Amarin (NASDAQ:AMRN) popped more than 10% on Thursday on seemingly no news.
As best I can tell, investors were jumping in ahead of the potential that Amarin's lipid-lowering drug Vascepa will be given five years of exclusivity through new chemical entity status. The Food and Drug Administration updates the Orange Book, which lists exclusivities, on the Friday of the second full week of the month, which is today.
It's pretty common for binary events to attract last-minute buyers. NuPathe (NASDAQ: PATH) was up 15% yesterday as investors anticipated an approval of the biotech's migraine patch Zecuity. The positive news came after hours.
Some will claim that the price spikes indicate that the positive news was leaked. I'm a little more skeptical, figuring day traders are just waiting until the last minute to jump in. If they invested a week or a month early, they wouldn't be day traders, now would they?
Might Amarin gain NCE status this month? I certainly hope so, but it didn't during the updates in August, September, October, November, or December. I'm not sure why investors think it'll come in January.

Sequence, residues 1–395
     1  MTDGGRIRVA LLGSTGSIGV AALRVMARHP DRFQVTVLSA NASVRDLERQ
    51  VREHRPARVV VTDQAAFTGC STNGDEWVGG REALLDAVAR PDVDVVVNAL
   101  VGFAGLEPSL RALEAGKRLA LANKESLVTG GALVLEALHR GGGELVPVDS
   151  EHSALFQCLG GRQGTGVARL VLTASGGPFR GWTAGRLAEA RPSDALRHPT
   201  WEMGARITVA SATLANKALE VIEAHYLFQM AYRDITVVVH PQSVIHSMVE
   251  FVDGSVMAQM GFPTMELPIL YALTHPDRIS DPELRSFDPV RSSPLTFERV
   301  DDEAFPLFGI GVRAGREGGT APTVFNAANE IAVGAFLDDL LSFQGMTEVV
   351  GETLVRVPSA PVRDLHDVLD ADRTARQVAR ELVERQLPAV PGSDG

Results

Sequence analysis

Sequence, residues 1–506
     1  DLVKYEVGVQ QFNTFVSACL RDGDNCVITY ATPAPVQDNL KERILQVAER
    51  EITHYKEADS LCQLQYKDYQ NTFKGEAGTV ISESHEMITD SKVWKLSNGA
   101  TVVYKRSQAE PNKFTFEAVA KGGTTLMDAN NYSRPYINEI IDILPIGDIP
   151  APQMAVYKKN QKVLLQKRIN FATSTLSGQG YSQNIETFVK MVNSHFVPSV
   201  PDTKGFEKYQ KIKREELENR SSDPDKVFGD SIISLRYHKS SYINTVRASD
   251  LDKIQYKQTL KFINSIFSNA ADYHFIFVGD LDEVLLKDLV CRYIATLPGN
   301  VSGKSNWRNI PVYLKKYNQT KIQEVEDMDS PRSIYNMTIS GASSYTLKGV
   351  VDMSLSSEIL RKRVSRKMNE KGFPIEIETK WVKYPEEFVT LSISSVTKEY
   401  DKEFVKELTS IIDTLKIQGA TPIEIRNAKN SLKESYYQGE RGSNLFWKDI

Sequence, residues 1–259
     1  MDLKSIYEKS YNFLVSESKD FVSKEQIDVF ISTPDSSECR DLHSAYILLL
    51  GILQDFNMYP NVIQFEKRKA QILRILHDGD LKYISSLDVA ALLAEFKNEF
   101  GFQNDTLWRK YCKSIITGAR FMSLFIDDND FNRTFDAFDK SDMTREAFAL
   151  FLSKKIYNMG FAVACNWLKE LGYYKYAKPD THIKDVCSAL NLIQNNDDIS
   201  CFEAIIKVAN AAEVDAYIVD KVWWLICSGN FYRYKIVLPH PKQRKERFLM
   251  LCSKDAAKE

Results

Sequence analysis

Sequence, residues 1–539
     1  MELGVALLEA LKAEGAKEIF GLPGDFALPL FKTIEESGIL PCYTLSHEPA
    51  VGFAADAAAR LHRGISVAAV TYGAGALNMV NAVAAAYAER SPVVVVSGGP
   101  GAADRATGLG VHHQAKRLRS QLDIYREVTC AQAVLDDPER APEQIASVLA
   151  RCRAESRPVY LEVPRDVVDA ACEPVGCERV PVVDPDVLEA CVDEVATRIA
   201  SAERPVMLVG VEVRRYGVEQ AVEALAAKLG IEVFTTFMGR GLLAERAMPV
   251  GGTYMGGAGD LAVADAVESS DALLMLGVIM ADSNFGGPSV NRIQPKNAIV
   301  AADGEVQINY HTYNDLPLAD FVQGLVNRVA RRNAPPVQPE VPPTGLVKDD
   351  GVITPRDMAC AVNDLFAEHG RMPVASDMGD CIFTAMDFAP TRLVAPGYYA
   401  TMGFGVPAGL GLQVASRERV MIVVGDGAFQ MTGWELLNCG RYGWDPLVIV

Is NCE status for Vascepa worth $130 million, the value that Amarin went up yesterday? Let's hope not. Amarin's best case scenario is that the NCE status is completely worthless.
Let me explain. The NCE status gives new chemicals five years of exclusivity. The debate over whether Vascepa deserves it is because the drug is basically a purified version of GlaxoSmithKline's (NYSE:GSK) fish oil Lovaza.
But that NCE status runs concurrent to patents. If patents extend beyond the five years, which is often the case, the NCE exclusivity is essentially useless. If Amarin's claims of patents on Vascepa through 2030 hold up in court, the NCE status won't be worth much.
Where the NCE status might be useful is in securing a partner or an acquirer. The company has been looking for a suitor since Vascepa was approved back in July, probably longer. One theory, which seems reasonable to me, is that Amarin's management and potential acquirers -- Merck (NYSE:MRK), AstraZeneca, and Teva Pharmaceuticals (NYSE:TEVA) have been floated as potential acquirers -- can't agree on a price because valuing patent litigation risk is difficult. A decision on the NCE status would clear up that unknown, although it's no guarantee that a deal will eventually get done.
Nevertheless, let's hope a decision one way or the other is made today.